Frustrated and late for Ava’s next game, I put our merchandise on the conveyor belt and asked Dawn, my wife, to pay for it. I was going to get the car, and pick up Dawn and my 2 sons by the front door.
I started off in a rush. But I only got 10 feet beyond the end of the checkout stations when I heard someone yell, ‘Adam Albrecht!’
I turned to see who was calling my name. And standing just a few feet away was Terry Schmitt, my college roommate from my freshman year at the University of Wisconsin. I hadn’t seen Terry in 25 years! Terry doesn’t live in Milwaukee. He lives in his hometown of Kaukauna, Wisconsin, near Green Bay, which is 2 hours away from the Swedish Meatball Palace we were standing in. He had driven down to Milwaukee for a spur of the moment shelf project purchase.
What Are The Chances?
Somehow, with my totally fouled up day, and his random Ikea road trip, we ended up in exactly the same place at the exact same time. Each one of my delays throughout the day helped make this happen – his random run to Milwaukee to avoid a significant shipping charge, the snowstorm, my kids arguing about the seats they were sitting in, the line that built while I picked up the meatballs, the extreme shelfers in front of us in line, and my decision to run ahead to get the car and meet my family at the front door. All of the unfortunate events, turned into good fortune when I got to see Terry in real life for the first time in 25 years.
In 2015 I read the book The Alchemist by Paulo Coelho. It taught me that the universe conspires to give us what we want in life. It taught me to listen and watch for the signals and messages that the universe sends me.
Because I read The Alchemist, I was ready the day in August of 2015 when 2 former clients called me and asked me if I would consider starting my own advertising agency. Just months later The Weaponry was open for business.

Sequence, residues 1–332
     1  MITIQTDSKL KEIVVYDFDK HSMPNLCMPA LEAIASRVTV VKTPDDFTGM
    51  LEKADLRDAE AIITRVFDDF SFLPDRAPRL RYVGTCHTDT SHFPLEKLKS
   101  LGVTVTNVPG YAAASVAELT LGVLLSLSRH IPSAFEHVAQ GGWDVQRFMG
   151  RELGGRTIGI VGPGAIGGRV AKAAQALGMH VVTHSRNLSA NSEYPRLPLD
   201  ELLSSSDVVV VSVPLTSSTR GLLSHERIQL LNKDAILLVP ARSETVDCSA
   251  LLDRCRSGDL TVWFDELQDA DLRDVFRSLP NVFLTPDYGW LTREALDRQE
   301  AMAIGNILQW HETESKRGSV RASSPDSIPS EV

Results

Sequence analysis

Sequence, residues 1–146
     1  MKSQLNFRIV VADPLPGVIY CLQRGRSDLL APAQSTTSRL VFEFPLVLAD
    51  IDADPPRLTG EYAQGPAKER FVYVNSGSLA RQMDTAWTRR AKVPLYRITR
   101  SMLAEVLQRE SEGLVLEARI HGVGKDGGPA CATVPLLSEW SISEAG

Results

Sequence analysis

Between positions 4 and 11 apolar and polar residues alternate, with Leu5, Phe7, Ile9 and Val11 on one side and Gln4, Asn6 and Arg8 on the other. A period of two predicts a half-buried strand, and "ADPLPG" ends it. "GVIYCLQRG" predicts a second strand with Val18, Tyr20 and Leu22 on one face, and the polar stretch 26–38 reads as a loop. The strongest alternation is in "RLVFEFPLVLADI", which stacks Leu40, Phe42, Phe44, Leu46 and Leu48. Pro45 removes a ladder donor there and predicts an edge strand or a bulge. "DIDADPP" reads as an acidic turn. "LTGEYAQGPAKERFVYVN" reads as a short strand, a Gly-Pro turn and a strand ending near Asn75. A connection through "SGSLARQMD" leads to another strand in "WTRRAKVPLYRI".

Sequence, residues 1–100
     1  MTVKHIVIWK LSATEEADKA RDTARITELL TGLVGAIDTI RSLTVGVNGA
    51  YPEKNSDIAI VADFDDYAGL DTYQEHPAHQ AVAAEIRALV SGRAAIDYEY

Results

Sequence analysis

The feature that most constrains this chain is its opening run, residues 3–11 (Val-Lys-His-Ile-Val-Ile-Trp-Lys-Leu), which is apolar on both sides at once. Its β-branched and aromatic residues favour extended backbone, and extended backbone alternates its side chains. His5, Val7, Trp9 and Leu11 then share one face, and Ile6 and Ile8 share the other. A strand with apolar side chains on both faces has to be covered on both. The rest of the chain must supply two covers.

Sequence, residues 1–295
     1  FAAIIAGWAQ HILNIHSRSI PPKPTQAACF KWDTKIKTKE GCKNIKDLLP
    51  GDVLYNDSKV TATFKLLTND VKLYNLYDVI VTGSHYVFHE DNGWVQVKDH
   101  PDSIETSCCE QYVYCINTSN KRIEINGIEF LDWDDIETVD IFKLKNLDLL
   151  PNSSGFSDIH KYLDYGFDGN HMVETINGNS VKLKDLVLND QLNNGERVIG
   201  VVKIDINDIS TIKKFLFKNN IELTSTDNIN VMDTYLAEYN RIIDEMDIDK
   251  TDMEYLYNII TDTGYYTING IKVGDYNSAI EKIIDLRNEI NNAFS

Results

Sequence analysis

And on a snowy day in the winter of 2019 the universe conspired, through a seemingly random collection of signals, to reunite me with my college roommate, Terry Schmidt. And I was suddenly thankful for all those little things that had gone wrong throughout the day.
There are forces at work that are far beyond our control and our comprehension. Whether you are suddenly put in just the right place at the right time, or oblivious to how a delay or a mistake kept you out of other trouble, there are forces that contribute mightily to the course and story of our lives. Maybe it’s magic. Maybe it’s God (of course it is), and maybe it’s fate. But it helps create your adventure. And sometimes, like a lazy tube ride down a river, you just need to relax and enjoy the ride.
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Fun Extra: Terry said that he saw my wife Dawn first. He had never met her before, but he had seen her in my social media posts. So when he recognized her at the cash register he immediately began looking for me. Which means a small thanks for this Swedish reunion also goes to Mark Zuckerberg.